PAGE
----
Sunday, December 7, 2014

Obama Faces Tests of Authority From Congress

Congress moved on two fronts Thursday to test the limits of presidential authority, with a surprising maneuver in the Senate to begin debating President Obama’s war powers against the Islamic State and a vote in the House to prohibit him from enforcing his executive action on immigration.
With the two parties in a perpetual state of dispute, the actions represented a rare, if unplanned, shared view among liberals and conservatives: Through Congress’s passivity or its inability to compromise, it has ceded too much authority to an executive branch more than willing to step into the void.
Mr. Obama has angered Republicans on Capitol Hill by announcing that he would use his executive authority to shield millions of undocumented immigrants from deportation, a decision conservatives condemn as an abuse of his constitutional powers. And lawmakers in both parties have rebuked the president for executing a war in the Middle East that many believe has not been properly authorized by Congress.
The simultaneous moves in the two chambers demonstrated a strong desire to wrest some of that power back.
“The executive gets more powerful the more dysfunctional Congress gets,” said Senator Christopher S. Murphy, Democrat of Connecticut, who supported forcing a vote to revisit the president’s war authority. “So there’s a natural transition of power away from the legislature to the executive when nothing can happen here.”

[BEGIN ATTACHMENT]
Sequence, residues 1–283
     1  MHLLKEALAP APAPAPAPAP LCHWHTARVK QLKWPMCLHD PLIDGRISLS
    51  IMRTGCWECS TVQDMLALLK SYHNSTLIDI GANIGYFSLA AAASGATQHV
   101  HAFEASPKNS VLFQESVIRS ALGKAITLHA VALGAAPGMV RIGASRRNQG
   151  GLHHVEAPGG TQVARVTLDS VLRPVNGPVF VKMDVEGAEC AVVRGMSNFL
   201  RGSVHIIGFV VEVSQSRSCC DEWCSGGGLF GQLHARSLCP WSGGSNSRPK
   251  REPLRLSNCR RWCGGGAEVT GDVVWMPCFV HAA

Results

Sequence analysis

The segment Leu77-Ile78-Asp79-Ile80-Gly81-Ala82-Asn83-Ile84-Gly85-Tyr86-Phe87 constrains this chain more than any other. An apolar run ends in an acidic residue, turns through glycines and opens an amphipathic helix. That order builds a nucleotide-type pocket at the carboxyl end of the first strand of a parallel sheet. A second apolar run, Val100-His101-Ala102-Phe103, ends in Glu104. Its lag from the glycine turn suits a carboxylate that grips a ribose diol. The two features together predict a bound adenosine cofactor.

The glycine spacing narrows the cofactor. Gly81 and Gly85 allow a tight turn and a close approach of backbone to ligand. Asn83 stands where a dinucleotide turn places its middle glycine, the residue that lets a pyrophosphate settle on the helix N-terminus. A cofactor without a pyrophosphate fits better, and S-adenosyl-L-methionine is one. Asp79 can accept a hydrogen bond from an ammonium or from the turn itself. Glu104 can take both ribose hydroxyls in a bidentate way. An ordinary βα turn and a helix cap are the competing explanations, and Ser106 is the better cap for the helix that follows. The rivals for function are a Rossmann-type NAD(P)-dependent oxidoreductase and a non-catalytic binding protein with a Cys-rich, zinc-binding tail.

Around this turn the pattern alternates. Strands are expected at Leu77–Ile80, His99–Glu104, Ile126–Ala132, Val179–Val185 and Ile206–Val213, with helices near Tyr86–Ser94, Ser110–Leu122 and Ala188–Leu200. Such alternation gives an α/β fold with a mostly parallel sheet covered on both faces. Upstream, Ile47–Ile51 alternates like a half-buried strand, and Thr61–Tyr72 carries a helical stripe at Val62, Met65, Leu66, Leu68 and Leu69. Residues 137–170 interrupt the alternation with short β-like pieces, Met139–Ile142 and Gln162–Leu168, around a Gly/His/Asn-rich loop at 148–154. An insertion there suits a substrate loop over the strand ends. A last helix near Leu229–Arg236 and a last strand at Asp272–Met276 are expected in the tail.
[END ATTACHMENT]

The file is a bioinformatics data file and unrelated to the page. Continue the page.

The action on Capitol Hill focused on two of the most urgent and divisive issues of the moment — immigration and war policy — and foreshadowed the kinds of debates likely to dominate the new Congress after it is sworn in next month. Adding more volatility to the mix will be the frenzied politics of a presidential campaign, which is likely to feature several members of Congress.
The dynamics of the 2016 campaign were on display as senators on the Foreign Relations Committee unexpectedly found themselves confronting the question of war against the Islamic State.
It began with procedural sleight of hand by Senator Rand Paul of Kentucky, who is expected to seek the Republican nomination for president and has positioned himself as a less hawkish alternative to the other potential candidates in his party.
READ Paul's War Resolution
Mr. Paul used a routine meeting over an unrelated issue — clean water — to force his colleagues to schedule a vote on authorizing force against the Islamic State. The committee agreed to move forward, though only after dissent from Republicans like Senator John McCain of Arizona who take a more traditional interventionist approach. Mr. McCain called Mr. Paul’s proposal, which would prohibit the use of ground forces in most cases and set strict time limits on the conflict, “crazy.”
A vote, on either Mr. Paul’s plan or a similar one, could happen as early as Tuesday. If a plan is approved, it would get a floor vote before the end of the year if Majority Leader Harry Reid agreed to put it at the top of a crowded Senate calendar.
Read the rest of the story HERE.

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